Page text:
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What’s Changed North of the Border?

Has enough changed to get the Raptors over the hump in the Eastern Conference this year?

Ben Dowsett

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Following the Toronto Raptors’ sole blemish on an otherwise perfect month of February, an overtime loss to Milwaukee in their first game after the All-Star break, you could forgive guys in the locker room for lamenting a missed opportunity. A late comeback wasn’t enough to overcome a sluggish opening and middle period to the game; lines like “vacation is over” could be heard.

At the same time, there was a sense that interrupting an almost comically easy stretch might not have been the worst result in the end.

“Nobody wants to lose, we damn sure don’t want to lose,” DeMar DeRozan said following the game. “But a night like today is a great learning lesson for us. There’s a lot of things we can take from this.”

The Raptors are in a unique position where both sides of this coin can be true simultaneously. What was already a well-oiled machine for two consecutive 50-win seasons has added even more polish – in a lot of ways, this year has been something of a cakewalk.

Toronto outscores opponents at over double the per-possession rate of any other team in their conference; they’ve led by over 20 points for more time than the defending champion Warriors this season, second in the league behind only the Rockets. Without an early-season hot streak from Boston that likely inflated the Celtics’ record a bit beyond their actual team quality, the Raptors would be cruising to the East’s first overall seed.

Their bench, long a source of frustration (especially with Kyle Lowry off the floor), has become one of the best in the league. DeRozan has expanded his game in a couple important ways. Casey has leaned on depth more than in the past, both from a usage and minutes standpoint. There’s a pretty easy case to be made that this is the most complete Raptors team in franchise history. And naturally, it’s easy to jump to conclusions from afar.

“Believe me, I go the other way as far as believing the hype,” coach Dwane Casey said. “I know what’s coming around the corner.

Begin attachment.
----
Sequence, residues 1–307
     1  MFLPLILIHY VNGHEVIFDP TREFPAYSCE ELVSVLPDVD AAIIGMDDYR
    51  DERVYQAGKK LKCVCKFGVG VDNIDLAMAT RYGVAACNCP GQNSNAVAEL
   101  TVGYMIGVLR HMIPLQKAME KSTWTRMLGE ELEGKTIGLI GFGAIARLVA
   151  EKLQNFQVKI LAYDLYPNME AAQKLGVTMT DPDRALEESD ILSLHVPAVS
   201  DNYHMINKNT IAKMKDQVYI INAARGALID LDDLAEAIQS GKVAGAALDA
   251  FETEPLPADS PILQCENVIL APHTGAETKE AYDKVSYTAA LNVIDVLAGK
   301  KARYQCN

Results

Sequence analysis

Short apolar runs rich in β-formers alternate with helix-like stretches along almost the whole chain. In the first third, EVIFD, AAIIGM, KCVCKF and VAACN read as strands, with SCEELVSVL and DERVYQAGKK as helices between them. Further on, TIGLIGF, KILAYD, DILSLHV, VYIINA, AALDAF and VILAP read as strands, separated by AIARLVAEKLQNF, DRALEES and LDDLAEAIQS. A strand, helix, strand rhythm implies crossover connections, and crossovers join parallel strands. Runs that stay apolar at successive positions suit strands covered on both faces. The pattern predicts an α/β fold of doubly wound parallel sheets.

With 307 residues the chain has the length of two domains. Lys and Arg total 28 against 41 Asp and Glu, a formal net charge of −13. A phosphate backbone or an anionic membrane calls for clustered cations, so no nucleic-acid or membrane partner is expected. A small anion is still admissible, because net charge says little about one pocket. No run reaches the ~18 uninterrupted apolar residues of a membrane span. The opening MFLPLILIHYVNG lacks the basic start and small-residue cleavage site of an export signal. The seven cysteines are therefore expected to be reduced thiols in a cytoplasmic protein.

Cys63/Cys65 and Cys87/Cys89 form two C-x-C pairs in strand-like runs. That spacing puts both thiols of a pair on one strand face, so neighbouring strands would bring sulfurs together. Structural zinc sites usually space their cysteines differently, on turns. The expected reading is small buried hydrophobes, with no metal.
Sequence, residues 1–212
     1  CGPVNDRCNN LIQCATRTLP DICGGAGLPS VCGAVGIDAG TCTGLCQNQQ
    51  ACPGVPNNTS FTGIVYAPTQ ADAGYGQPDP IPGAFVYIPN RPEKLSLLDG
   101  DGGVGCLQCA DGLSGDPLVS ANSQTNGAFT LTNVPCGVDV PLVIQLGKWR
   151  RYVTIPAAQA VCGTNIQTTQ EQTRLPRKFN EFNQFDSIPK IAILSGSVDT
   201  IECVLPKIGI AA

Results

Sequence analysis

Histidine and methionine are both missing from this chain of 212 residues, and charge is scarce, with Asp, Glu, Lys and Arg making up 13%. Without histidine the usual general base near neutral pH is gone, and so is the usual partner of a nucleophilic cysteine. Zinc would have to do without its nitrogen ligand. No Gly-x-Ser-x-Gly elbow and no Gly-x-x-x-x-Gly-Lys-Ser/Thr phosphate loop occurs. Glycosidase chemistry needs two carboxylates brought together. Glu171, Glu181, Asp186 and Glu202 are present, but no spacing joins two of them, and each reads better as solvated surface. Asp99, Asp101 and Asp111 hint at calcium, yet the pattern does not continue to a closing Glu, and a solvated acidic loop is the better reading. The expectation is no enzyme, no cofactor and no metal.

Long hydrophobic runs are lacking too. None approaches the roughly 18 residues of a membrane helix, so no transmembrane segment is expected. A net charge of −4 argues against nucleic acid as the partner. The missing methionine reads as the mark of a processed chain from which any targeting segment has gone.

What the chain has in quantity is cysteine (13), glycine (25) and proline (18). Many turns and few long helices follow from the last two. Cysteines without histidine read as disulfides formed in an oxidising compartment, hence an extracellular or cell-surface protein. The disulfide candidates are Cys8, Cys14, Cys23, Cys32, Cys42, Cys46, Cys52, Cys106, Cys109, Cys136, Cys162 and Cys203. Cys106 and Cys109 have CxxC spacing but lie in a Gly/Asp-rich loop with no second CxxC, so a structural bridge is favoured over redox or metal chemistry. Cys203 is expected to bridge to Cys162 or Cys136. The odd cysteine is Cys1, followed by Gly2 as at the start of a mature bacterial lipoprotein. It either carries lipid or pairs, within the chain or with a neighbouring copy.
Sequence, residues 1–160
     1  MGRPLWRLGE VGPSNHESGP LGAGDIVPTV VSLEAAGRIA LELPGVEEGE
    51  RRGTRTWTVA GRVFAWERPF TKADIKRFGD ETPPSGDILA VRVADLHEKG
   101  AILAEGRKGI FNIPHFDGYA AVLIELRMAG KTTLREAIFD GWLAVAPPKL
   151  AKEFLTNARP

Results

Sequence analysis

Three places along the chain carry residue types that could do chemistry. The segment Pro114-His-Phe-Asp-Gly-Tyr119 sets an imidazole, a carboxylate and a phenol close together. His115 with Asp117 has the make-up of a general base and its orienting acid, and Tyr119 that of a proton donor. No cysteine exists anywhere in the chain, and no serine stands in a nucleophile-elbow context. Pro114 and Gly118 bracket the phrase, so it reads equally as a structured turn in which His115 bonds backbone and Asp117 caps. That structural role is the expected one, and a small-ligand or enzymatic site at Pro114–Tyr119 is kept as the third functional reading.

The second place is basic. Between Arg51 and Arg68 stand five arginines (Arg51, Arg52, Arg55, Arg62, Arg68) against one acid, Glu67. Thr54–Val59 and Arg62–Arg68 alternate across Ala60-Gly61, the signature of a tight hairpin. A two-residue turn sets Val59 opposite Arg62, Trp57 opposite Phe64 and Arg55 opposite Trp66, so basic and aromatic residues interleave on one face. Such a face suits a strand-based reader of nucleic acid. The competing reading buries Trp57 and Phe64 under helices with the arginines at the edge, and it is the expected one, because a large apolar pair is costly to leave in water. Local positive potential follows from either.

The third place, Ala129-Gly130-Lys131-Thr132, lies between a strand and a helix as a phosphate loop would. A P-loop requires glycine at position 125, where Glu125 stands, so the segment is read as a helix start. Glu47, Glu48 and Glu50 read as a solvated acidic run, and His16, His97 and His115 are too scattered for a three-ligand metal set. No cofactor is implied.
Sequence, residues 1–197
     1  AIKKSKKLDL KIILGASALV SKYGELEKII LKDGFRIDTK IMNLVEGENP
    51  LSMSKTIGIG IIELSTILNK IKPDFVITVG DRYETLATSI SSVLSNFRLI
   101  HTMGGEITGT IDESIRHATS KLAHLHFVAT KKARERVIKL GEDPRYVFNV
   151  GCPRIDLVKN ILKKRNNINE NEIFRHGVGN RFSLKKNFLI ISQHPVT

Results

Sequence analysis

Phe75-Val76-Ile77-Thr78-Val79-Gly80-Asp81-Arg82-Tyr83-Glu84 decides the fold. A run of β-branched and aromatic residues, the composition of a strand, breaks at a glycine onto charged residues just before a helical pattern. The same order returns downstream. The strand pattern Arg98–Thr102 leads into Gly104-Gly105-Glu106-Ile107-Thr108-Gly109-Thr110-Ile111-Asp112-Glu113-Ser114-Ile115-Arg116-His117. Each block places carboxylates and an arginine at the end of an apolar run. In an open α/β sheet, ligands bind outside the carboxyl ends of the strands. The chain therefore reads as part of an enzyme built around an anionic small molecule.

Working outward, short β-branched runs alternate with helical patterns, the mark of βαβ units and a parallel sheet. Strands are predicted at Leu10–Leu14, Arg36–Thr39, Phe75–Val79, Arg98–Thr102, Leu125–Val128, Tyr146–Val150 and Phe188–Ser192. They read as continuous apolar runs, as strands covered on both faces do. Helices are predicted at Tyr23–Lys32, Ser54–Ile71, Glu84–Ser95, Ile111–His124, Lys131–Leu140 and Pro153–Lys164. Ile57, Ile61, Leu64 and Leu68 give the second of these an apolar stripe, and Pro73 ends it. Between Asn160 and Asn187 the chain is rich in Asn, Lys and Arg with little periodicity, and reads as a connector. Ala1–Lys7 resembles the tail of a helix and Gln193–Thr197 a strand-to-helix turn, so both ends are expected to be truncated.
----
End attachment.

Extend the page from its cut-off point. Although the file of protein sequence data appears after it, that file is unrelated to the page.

“You know you can’t believe the hype. You have some people wishing and hoping it goes that way. They probably have that story already written and ready to put it in. But you can’t believe the hype.”

As Casey said, he’s setting the opposite tone entirely for his group. Zoom out even further than we have so far here, and Toronto is really in the same situation as the last couple years – just with different window dressings. The East’s presumed final boss is still alive and well in Cleveland. Things have changed for the Raptors, but none of it will matter if it ends in another loss to the Cavs in May.

About that bench: It’s been incredible, and Casey deserves a huge amount of credit. The Raptors struggled to break even when Lowry rode the pine in previous seasons, and got destroyed in those minutes in the playoffs. They outscore teams by near-Warriors levels when he sits this year.

That’s a great sign, right? Well, yes…and no. Maybe. It’s another two-sided issue, it turns out.

The positives first, and there are a couple.

For one, this hasn’t just been an increase in minutes. It’s been an increase in responsibility for several guys, and one that could matter come playoff time. Toronto has run into problems in previous postseasons when smart opponents loaded up their defensive game plans against Lowry and DeRozan. With an offense built so heavily around those two and their prodigious creation abilities, the supporting cast often simply seemed at a loss for what to do when some of that burden shifted onto them.